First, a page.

Paisa ye paisa, paisa hai kaisa
Nahi koi aisa, jaisa ye paisa
Ke ho museebat, na ho museebat
Ho museebat na ho museebat, saat aath nau das…
wrote Anand Bakshi and sang Kishore Kumar. A young (and half-the-weight) Rishi Kapoor lip-synced. The year was 1980, the movie Karz, Laxmikant-Pyarelal composed the music. Two years after the demonetisation of the Rs. 10,000 note and five years after the introduction of the Rs. 50 note. The page-three cocaine sniffer’s favourite – the crisp Rs. 500 – was still seven years away. Six and a half centuries before the alleged ISI hand in fake Indian currency Muhammed bin Tughlaq had already fallen prey to mass forgery and he redeemed all tokens forged or genuine. The Reserve Bank of India wouldn’t do that today, but what it has done is that it put together an impressive RBI Monetary Museum.
A numismatist or not, the history of Indian money is interesting – after all it is the root of all evil and bad things are the best captivators. The oily stink that led Bush to bomb the Iraqis or the pain that Ramakrishna Paramhamsa felt when his disciple Narendranath (later and more popularly Swami Vivekananda) slipped a few coins under his guru’s bed may not be listed there, but the journey from clay to optical variable ink is.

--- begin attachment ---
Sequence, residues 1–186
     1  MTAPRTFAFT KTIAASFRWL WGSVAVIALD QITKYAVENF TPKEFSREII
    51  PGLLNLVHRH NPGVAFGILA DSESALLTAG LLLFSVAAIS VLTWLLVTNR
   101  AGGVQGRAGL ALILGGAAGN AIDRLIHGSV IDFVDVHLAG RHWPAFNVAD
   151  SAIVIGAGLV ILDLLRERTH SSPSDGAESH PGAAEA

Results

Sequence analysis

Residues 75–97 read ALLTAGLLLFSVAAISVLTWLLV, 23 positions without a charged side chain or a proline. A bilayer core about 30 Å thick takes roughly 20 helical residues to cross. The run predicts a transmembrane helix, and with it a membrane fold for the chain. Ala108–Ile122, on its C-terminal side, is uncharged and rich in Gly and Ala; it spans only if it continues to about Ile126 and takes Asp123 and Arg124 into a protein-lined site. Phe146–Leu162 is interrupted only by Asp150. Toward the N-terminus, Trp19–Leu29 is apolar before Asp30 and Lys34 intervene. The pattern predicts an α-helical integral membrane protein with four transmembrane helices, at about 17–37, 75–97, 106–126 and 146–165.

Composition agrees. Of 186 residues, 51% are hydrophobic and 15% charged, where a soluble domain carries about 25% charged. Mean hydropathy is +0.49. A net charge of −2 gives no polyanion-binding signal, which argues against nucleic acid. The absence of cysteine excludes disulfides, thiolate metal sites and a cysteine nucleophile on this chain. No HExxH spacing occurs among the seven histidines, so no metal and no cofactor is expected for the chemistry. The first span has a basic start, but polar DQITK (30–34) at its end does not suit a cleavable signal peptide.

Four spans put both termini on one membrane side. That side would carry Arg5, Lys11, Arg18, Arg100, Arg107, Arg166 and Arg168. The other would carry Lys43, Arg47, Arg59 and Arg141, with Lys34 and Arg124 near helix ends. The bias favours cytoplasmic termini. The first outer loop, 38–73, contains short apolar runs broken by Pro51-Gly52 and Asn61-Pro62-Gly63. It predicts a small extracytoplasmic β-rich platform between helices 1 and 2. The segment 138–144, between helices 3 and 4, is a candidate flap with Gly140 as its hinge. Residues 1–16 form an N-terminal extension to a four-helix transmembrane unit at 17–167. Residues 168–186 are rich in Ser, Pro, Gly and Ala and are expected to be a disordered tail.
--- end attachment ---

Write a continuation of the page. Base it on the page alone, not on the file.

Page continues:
A few of my favourites from the collection:
A slashed Roman Aureus of Augustus
Roman coins were circulated in their original form in India, but were sometimes slashed as a gesture disclaiming intrusions of foreign sovereignty.
A young Queen Victoria on a two-anna silver coin.
Hyderabada ka Charminara on a Hyderabad asharfi.
Pie pie ke liye mohtaz. One pie – 1944
King George on a one rupee silver coin
Half a rupee in nickel but not yet 50 paise
A two anna cupro-nickel
One pice 1950
Ek naya paisa nahin milega.
One, two and three. Never used these. My count started at five.
A tenner issued by the Bank of Bombay
And a tenner by the Government of India
The earliest one rupee note.
Ten thousand rupee note. Never saw so many zeroes in a single note.
One rupee note – 1949.
Independent India’s biggest currency. Introduced 1954, discontinued 1978.
The note Hyderabadis used to pay for the biryani party.
Early globalisation. Burmese currency issued by the Reserve Bank of India.
Indo-Portuguese note. That looks like Vasco da Gamma.
Special Haj notes for use in Saudi Arabia.
A hundred rupee special Persian Gulf edition, circulated in the Gulf till 1970.
Image and information courtesy Reserve Bank of India (excluding the song from Karz).